If you don’t quite catch what a person is saying and want to appear posh, do not say ‘Pardon?’ No! That is very lower-middle or maybe middle-middle class. An upper-middle will say ‘Sorry?’ whereas an upper-class and a working-class person will both say, ‘What?’. How tricky is that? An upper will say ‘Pardon me’ if a bodily function fail is involved – basically if they fart. They say sorry if they stand on your foot, but not if they break your heart (speaking from personal experience).

As Americans, you are allowed to ask where the bathroom is; British people with pretensions to appear posh can never do this. A middle-middle, lower-middle or lowers might call it the toilet. This will make the uppers recoil. To them it is the loo. Why? No one is quite sure. It’s an unsolved etymology puzzle. Maybe loo is short for Waterloo, a common brand of cast iron toilet cisterns or it might date back to the days of the chamber pot, when the French would chuck the contents of their chamber pot contents out of windows shouting “gardez l’eau!” “watch out for the water!”. Not the best linguist, Brits mispronounced “gardez l’eau” as gardyloo, which eventually became loo. The point is, we don’t know why it’s called a loo, it just is. We don’t make sense. We make snobs.

Don’t ask for a serviette when you are eating your High Tea, be sure to ask the waiter for a napkin. When you are lounging about eating your Afternoon Tea, do it on a sofa not a settee and for goodness sake not in your lounges or living rooms; sofas are found in ­sitting rooms or – if you are really high balling – drawing rooms. Got it? If not, don’t worry, dismiss it as the pretentious nonsense that it is, and carry-on being gloriously unfettered by these crippling social-tells which exhaust us.

Then there is reserve. Across the globe we are known for our reserve. Maybe you now see why, we daren’t open our mouths in case we say the wrong thing and people discover that we are not posh! So, as a result we’ve made a virtue out of having stiff upper lips and keeping things to ourselves. Keeping schtum is a national pastime. Interestingly, I see being a writer as a basic act of defiance. A rebellion! We writers insist on getting things out there!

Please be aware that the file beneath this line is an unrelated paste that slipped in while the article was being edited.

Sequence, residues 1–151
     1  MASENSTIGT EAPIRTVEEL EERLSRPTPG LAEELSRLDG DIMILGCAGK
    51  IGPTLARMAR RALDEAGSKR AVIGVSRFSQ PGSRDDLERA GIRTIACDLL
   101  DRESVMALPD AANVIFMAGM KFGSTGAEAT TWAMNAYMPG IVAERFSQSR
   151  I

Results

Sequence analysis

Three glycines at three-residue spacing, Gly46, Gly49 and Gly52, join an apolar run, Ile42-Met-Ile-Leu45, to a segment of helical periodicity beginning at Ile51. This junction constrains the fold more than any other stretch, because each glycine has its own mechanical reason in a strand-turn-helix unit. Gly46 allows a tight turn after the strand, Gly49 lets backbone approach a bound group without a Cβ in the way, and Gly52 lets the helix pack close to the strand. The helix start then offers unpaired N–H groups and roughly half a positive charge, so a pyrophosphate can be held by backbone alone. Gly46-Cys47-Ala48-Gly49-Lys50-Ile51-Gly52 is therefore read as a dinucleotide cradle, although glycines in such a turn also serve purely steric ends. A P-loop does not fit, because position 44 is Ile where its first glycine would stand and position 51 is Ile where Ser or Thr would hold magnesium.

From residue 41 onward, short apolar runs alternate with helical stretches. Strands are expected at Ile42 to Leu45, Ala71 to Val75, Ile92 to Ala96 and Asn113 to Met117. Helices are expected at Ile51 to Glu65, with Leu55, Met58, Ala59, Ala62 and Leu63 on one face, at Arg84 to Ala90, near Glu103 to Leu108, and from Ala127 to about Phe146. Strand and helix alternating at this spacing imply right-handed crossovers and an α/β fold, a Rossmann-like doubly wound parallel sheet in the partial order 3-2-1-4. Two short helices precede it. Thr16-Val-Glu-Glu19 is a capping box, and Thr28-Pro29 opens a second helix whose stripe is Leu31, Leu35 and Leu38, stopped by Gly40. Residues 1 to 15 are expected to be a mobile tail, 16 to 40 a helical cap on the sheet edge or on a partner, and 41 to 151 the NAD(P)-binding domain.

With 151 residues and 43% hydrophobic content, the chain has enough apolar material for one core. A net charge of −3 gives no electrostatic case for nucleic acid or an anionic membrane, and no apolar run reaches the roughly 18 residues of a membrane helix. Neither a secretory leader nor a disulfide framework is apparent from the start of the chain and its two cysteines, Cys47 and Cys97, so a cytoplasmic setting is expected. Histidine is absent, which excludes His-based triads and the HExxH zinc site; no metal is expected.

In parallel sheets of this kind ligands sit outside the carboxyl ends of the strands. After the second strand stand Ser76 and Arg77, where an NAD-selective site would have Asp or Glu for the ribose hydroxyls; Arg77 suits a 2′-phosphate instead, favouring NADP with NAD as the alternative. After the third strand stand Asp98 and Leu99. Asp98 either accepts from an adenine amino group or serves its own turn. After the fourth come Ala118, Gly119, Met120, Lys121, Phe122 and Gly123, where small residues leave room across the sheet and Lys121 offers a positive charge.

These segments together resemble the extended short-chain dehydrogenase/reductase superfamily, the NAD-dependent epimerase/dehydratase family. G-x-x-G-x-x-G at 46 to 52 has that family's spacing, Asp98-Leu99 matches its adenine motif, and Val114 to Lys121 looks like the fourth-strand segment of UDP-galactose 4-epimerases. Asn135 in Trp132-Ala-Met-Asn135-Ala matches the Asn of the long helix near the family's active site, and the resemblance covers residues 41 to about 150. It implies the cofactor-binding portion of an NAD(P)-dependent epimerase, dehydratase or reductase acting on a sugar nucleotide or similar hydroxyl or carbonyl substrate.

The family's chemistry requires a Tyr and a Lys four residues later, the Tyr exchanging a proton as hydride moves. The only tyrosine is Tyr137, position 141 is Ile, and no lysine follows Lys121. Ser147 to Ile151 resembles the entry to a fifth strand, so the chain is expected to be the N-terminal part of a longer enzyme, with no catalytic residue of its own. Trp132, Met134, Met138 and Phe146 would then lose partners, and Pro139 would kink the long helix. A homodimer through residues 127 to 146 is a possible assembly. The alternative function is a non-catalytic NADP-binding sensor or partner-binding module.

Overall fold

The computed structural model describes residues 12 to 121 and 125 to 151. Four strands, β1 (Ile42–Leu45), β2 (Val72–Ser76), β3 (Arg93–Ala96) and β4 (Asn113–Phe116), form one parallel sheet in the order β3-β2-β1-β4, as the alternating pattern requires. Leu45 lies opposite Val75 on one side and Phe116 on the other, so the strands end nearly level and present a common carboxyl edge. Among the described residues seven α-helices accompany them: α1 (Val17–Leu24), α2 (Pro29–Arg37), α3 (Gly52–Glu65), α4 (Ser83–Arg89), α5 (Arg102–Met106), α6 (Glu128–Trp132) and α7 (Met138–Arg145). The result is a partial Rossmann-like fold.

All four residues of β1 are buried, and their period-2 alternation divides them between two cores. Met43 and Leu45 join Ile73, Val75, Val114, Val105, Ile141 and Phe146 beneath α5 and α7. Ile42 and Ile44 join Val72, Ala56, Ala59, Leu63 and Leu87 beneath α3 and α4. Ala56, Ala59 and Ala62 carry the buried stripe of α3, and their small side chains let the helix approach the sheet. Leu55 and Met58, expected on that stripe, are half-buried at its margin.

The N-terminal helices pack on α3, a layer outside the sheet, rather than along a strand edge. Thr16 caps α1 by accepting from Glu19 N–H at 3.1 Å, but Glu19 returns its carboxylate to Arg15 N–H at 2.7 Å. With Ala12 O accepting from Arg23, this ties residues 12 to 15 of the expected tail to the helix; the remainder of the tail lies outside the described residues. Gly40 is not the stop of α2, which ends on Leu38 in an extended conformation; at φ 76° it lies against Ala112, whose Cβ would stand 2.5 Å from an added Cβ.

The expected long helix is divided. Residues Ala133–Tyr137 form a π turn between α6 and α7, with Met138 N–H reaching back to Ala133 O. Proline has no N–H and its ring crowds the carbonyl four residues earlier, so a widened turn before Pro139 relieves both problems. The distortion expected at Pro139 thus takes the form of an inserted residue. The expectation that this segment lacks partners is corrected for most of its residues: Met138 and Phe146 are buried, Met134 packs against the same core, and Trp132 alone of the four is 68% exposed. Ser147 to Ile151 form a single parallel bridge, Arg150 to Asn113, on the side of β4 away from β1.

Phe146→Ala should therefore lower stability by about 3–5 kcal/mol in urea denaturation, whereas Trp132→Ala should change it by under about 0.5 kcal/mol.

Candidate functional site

Finally, possibly the most quintessentially British thing about the Brits is our particular brand of self-deprecating humour. We are sarcastic, mocking, cynical and acerbic, we are disparaging and denouncing of everything – but mostly ourselves!


Adele Parks’ newest book, LIES LIES LIES, launches August 4th, 2020 by MIRA.


About the Book: Daisy and Simon spent almost a decade hoping for the child that fate cruelly seemed to keep from them. It wasn’t until, with their marriage nearly in shambles and Daisy driven to desperation, little Millie was born. Perfect in every way, healing the Barnes family into a happy unit of three. Ever indulgent Simon hopes for one more miracle, one more baby. But his doctor’s visit shatters the illusion of the family he holds so dear. Now, Simon has turned to the bottle to deal with his revelation and Daisy is trying to keep both of their secrets from spilling outside of their home. But Daisy’s silence and Simon’s habit begin build until they set off a catastrophic chain of events that will destroy life as they know it.



About the AuthorAdele Parks was born in Teesside, North-East England. Her first novel, Playing Away, was published in 2000 and since then she’s had seventeen international bestsellers, translated into twenty-six languages, including I Invited Her In. She’s been an Ambassador for The Reading Agency and a judge for the Costa. She’s lived in Italy, Botswana and London, and is now settled in Guildford, Surrey, with her husband, teenage son and cat.